Page:Popular Science Monthly Volume 35.djvu/750

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It teaches that sloth and vice may eat the bread which virtue and honesty may starve for after they have earned it; it teaches the idle and the dissolute to look up for that support which they are too proud to stoop and earn; it directs the minds of men to an entire reliance on the ruling powers of the state."

This condemnation will apply in general terms to every pension system. It is impossible to limit pensions to rewards for sacrifice and service. Favoritism and fraud will crowd the pension ranks with pretenders. Every crippled soldier who has really been disabled by battle-wounds must share his earned reward with men who never did a dollar's worth of service. He must drag along with him to the pension-office a dozen "comrades" who never saw a battle and who never received the slightest injury to body, health, or limb.

"Veteran diseases" are those miraculous ailments which rage unsuspected in the bodies of old soldiers until seductive pension laws bring them to the notice of the sufferers. The Arrears of Pensions Bill is responsible for over a hundred thousand veteran diseases. This law was in existence about two years, and expired by limitation July 1, 1880. In 1878, the year before the law went into operation, the pension applications numbered 18,812. In 1879, under the stimulus of the act, they rose to 36,835. In 1880 they reached the shameful dimensions of 110,673. In 1881, the law having expired, the number of applications fell to 18,455. The Arrears of Pensions law invited the Grand Army to loot the treasury, and 110,673 veterans accepted the invitation. The number of applications filed the year before the law and the year after it, prove that the 110,673 extra diseases were made not by the war, but by the Arrears of Pensions Bill. The bribe offered by Congress put a hundred and ten thousand additional names on the sick report for 1879 and 1880.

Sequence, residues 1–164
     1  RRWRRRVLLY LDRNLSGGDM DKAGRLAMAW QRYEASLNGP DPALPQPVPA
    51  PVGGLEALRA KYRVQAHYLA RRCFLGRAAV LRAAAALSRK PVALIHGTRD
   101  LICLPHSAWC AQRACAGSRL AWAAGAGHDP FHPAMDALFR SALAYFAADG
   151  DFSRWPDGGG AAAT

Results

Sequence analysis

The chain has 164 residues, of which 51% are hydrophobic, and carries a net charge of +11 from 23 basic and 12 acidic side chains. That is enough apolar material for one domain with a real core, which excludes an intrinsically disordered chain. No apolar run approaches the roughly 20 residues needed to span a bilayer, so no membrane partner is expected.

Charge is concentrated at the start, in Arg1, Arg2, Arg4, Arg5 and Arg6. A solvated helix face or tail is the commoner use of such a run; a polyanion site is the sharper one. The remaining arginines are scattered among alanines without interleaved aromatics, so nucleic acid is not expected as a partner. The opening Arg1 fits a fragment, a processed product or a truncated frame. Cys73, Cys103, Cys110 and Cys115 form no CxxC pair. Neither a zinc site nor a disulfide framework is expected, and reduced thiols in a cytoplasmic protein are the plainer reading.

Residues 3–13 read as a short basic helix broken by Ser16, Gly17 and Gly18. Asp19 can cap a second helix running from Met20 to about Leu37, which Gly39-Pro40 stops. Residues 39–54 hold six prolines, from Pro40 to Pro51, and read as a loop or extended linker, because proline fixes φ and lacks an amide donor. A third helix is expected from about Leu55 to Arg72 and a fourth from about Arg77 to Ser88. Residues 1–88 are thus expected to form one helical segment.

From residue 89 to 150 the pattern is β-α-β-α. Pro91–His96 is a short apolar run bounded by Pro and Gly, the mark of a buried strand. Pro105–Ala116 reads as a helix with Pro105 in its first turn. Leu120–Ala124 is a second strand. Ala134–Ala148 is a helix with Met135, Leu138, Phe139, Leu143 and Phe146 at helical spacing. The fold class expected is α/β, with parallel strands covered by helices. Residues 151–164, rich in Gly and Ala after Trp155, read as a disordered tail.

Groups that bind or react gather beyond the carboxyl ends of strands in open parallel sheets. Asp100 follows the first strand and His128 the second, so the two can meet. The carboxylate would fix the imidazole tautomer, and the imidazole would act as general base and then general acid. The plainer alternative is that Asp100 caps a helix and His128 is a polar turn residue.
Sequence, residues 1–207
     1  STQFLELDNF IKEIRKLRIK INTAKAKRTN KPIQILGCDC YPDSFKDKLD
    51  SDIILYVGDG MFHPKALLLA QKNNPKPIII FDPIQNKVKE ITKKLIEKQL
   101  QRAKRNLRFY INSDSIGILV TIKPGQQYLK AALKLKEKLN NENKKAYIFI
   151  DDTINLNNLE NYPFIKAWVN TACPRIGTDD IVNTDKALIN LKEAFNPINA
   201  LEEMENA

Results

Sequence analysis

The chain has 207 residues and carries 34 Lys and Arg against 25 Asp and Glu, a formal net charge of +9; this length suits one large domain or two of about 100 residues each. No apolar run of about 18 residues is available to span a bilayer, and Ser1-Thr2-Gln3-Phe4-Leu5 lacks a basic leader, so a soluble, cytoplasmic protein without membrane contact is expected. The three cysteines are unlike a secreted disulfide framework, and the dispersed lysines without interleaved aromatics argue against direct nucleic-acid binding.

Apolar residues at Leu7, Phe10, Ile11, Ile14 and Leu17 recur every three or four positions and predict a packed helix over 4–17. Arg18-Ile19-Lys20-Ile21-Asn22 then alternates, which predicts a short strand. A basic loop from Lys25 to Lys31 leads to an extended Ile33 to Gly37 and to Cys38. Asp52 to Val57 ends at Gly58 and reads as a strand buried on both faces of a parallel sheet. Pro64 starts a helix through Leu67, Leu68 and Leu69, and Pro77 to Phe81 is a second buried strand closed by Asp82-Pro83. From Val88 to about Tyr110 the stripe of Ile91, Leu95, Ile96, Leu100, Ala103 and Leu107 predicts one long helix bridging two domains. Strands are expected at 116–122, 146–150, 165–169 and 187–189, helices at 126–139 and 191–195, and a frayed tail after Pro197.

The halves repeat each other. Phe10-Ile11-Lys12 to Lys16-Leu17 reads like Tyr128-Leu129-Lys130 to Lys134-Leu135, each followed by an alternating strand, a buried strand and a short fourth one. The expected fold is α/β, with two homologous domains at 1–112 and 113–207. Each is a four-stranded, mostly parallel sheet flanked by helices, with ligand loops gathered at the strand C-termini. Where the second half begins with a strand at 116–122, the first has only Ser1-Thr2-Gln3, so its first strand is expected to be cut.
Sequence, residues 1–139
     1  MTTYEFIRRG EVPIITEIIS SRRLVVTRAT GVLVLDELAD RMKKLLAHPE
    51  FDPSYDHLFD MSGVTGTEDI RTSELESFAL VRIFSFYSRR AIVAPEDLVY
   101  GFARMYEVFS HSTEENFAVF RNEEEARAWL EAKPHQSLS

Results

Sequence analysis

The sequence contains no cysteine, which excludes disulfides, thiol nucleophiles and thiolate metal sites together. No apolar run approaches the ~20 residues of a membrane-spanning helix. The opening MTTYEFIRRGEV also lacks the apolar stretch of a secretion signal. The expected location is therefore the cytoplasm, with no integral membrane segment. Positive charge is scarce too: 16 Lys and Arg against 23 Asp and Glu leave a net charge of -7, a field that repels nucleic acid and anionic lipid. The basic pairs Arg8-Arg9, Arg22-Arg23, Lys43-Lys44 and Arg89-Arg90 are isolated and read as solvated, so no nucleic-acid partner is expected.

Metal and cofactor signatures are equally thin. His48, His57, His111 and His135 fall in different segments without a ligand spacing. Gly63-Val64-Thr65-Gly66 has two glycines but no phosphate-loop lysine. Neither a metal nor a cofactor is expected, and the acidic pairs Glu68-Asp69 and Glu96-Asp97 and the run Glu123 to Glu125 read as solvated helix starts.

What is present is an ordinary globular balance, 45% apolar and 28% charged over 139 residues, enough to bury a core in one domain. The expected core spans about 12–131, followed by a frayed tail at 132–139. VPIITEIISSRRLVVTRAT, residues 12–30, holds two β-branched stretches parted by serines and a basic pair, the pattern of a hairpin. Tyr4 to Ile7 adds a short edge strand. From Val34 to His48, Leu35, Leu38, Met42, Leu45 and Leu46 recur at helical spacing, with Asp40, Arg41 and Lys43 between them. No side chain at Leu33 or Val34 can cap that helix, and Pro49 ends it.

The crippled and wounded soldiers, whose battle-scars were vouchers to their honesty and sacrifice, did not receive any benefit from the Arrears of Pensions law. They were already on the pension-rolls. All the booty was divided among the men who suddenly discovered that they were suffering from diseases of which they had been ignorant for fifteen years. The moral enormity of this proceeding is revealed in the fact that every one of those claims was attested by the solemn oath of the claimant.

The law of compensation pervades all things, and it applies here. If pension laws are potent in the making of diseases, pensions themselves have the opposite effect—they cure them. There is nothing that promotes longevity like a pension. It is now seventy-seven years since the War of 1812 began and seventy-four years since it ended. Yet there are nearly a thousand men on the pension-rolls who claim that they were soldiers in that war.